Gorillas are believed to be the immediate predecessors of humans or the closest relatives of humans. Gorillas are the largest living primates. The DNA of gorillas is highly similar to that of a human. Experimentally it is proved that the DNA of gorillas and humans has 95 – 99% similarities. Because of this, humans and gorillas have lot similarities in their physical appearances. Moreover, psychological behaviours of these two species have also lot of similarities. This paper briefly analyses the similarities and differences between the behaviours of humans and the gorillas.

Gorillas’ natural habitats cover tropical or subtropical forests in Africa. They live in dense forests and lowland swamps and marshes as low as sea level. Most of the available gorillas can be seen in the Central West African countries like Congo, Rwanda etc. On the other hand, humans are living in open places. Humans have the superior mental abilities than the gorillas and hence they rule the entire world and the living things. Humans make houses, cultivate agriculture and make industrial equipments for the betterment of his life whereas gorillas have no such abilities.

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Gorillas move around by knuckle-walking, even though sometimes they walk bipedally for short distances whereas human always walk or run bipedally.  Both humans and gorillas have almost similar heights; Adult males of gorillas may have around 1.65–1.75 meters (5 ft 5 in–5 ft 9 in) whereas adult males of humans may have 1.65 to 2 meters in length. Even though humans have superior heights compared to gorillas, gorillas defeat humans in weight measurements.   An adult male gorilla may have 140–200 kg in weight whereas the adult male humans may have 60 to 100 kg only.

Gorillas, chimpanzees, and bonobos are dark-colored, while orangutans are reddish brown. All have arms that are longer than their legs. Gorilla and orangutan males are twice as big as females. Great apes have forward-facing eyes for three-dimensional (height, width, and depth) viewing. They have powerful fingers and toes for gripping branches. They have no tails. Humans differ in skin color, depending on the amount of the pigment melanin in their skin. The body is hairless, except for the head, armpits, and genital areas. Scientists suggest that early humans had shed their fur to prevent over-heating when chasing their prey, and developed sweat glands on the skin surface to cool the body by perspiring. The subcutaneous fat, or the fatty layer under the skin, preserves body heat when the environment gets cold and serves as an energy source when food is scarce. Humans possess a distinct trait, bipedalism (bye-PED-ul-ih-zem), or a mode of locomotion on two legs. Strong, muscular legs are adapted for upright walking. The S-shaped curve of the spine keeps an erect human from toppling by distributing the body weight to the lower back and hips (Great Apes and Humans: Hominidae – Behavior And Reproduction, Great Apes And People, Bornean Orangutan (pongo Pygmaeus): Species Accounts – PHYSICAL CHARACTERISTICS, GEOGRAPHIC RANGE, HABITAT, DIET, CONSERVATION STATUS, n. d)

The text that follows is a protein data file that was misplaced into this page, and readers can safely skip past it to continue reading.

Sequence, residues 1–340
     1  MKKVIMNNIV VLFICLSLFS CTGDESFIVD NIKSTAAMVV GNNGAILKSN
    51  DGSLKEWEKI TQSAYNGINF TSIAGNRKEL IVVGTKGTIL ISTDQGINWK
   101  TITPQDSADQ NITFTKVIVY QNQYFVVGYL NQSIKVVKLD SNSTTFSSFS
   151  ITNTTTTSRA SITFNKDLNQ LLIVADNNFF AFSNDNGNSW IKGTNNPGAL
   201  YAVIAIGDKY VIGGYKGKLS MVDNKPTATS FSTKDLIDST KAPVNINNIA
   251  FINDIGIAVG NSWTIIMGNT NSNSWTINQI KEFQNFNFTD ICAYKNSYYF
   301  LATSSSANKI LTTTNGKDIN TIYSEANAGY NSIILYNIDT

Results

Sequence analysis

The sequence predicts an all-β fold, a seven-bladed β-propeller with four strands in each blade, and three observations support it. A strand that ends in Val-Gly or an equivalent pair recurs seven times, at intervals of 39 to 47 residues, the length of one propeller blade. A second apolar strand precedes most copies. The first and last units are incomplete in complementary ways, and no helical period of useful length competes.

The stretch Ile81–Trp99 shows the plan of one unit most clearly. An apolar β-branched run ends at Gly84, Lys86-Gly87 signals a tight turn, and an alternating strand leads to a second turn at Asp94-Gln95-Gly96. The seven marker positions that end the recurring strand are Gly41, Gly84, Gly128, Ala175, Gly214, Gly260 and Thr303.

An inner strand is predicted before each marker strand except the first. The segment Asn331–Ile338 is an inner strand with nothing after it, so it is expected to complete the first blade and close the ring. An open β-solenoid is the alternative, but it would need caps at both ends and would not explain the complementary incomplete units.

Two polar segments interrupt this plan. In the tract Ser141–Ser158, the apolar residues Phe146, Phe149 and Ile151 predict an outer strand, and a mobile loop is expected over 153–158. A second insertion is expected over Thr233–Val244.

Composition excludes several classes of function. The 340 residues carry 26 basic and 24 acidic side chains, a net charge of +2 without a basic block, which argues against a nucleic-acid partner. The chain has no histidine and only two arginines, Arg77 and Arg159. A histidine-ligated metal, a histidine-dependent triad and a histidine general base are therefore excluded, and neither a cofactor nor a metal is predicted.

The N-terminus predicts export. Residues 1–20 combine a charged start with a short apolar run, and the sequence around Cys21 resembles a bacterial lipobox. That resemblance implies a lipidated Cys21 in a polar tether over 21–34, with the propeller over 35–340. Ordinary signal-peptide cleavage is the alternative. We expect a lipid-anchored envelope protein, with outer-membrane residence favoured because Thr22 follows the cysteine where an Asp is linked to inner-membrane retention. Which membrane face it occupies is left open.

Both gorillas and humans have two mammary glands, and they make use of this gland for nurturing their young. But as the time progresses, human made some adjustments in their behaviour; nowadays humans diverted from the above practices and use powdered milk in place of the breast feeding in order to feed their offspring. On the other hand because of the inferior mental abilities, gorillas has not developed much and they still breast feed their offspring. Gorillas also have large cerebral cortex like the humans which is essential the development of perception, language, attention, memory, thought and consciousness. Even though gorillas may not have a well developed language system like the humans, still they are able to communicate each other using their own languages. Humans make use of different languages to communicate each other because of the cultural or racial differences whereas gorillas may have only a single language which is applicable to all the gorillas in the world.